Several sun-filled weeks spent away from politics have left me just as disgusted with the latest scum vomited up by NZ's party-political system as I was before I hit the beach. I refer of course to the gross National product of John Boy Key. Phil Sage does his best to defend the indefensible, and in so doing inadvertently puts his finger on my greatest concern over John Boy, greater even than his inability to stand for anything. (As they say, a man who stands for everything really stands for nothing. Such an observation could almost have had John Boy in mind when it was first made.)Here's Phil's mercifully brief apologia for John Boy
. Key, argues Sage, "has succeeded in the biggest genuine open market of all - currency trading. Sound ideology does not count [in such a market]. What works counts. " At this stage you can almost here the word "therefore" being polished up for use, even if the effect is only the following non sequitur
: "I think he will bring that [same] approach to bear on NZ politics... The same things apply to making money long term in currency markets as applies to running a successful economy, spotting and getting ahead of global trends."
Now, all credit to John Boy for his success as a currency trader, but only a moron could equate trading currencies successfully with "running a successful economy," the goal as such a trader being very much narrower, and requiring no "ideology" beyond the necessary commitment to making money rather than losing it. It's a truism a six-year-old would understand to say that "ideology does not count" in such a market.
Anyone however suggesting that the same things apply to making money in currency markets as applies to attempting to run an economy from the Beehive can only be considered dim, if not totally braindead.
Indeed, after several centuries of failure at the job, only a moron or a National Socialist (or Jim Anderton) would look to or expect a politician to "pick winners" or to "run an economy," let alone expect any success from such a venture -- even Tony Blair and Michael Cullen seem to understand this much, however dimly. As the industrial Legendre answered when asked by Louis XIV's economic dictator Jean-Baptiste Colbert
what he could best do to help him and his fellow industrialists, "Laissez-nous faire!" -- leave us alone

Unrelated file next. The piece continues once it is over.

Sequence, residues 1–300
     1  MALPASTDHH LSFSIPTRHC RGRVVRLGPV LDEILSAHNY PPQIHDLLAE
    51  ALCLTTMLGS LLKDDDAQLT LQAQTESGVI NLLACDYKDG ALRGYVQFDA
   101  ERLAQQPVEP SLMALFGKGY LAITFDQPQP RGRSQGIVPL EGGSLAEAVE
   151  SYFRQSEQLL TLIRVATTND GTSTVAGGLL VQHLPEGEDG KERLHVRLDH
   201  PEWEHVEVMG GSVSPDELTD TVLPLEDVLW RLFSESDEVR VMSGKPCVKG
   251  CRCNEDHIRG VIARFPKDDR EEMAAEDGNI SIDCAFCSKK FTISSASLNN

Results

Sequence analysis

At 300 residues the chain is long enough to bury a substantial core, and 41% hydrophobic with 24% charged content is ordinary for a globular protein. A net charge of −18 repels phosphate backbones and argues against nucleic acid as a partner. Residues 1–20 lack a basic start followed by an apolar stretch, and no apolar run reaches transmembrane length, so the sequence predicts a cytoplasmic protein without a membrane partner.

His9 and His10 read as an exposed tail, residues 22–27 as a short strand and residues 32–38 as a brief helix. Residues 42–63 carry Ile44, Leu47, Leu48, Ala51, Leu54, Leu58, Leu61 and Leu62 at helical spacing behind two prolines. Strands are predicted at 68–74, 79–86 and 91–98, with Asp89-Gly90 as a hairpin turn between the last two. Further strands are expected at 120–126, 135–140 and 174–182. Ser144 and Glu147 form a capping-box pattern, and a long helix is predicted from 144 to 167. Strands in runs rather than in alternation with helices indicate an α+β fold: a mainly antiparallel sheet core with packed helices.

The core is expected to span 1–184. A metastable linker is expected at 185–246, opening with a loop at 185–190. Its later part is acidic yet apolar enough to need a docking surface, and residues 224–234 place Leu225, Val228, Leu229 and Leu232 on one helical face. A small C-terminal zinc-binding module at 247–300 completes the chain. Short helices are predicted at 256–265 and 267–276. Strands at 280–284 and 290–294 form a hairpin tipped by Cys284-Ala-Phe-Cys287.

"What works" in currency trading is clearcut: ie., ensuring you advance your trading positions. "What works" in politics however is very different, and very far from clear cut -- and politicians "picking winners" let alone "running a successful economy" is emphatically not something that works. Never has. "What works" with an economy is not tinkering (or worse), it is leaving entrepreneurs and industrialists alone to either back or become their own winners.
Many politicians have tried to fake reality, have tried themselves to "run" a successful economy. Stalin. Roosevelt. Stafford Cripps. Robert David Muldoon.
All tried. All failed.
To venture such a thing, for whatever motive, is to totally misunderstand the difference between political power and economic power, or (in the case of Stalin) to rely upon that misunderstanding in others. As Harry Binswanger points out so memorably
, the symbol of political power is the gun, whereas the symbol of economic power is the dollar. There is a distinct difference between the two.
The only power a business has to induce customers to give it money is the value of its products. If a business started to produce an inferior product, it would eventually lose its customers. By contrast, the only power that the government has to offer is a threat: "We'll dictate what businessmen can and cannot do—and businessmen better toe the line or we'll throw them in jail."
Muldoon was a man who never understood the distinction, but who enjoyed the effect of making such threats. I once heard a radio interview with Muldoon in his prime. Running an economy, he said, was rather like driving a car. He had no idea, he boasted, what pushing the pedals and playing with the car's knobs actually did 'under the bonnet', and nor did he need to (in other words, he had no interest in what actual effect his threats had on those he bullied)
-- all he needed to know was the effect of the levers being pulled and the pedals pushed -- that is, the effect of his threats as far as his latest prescription for economic rescue was concerned.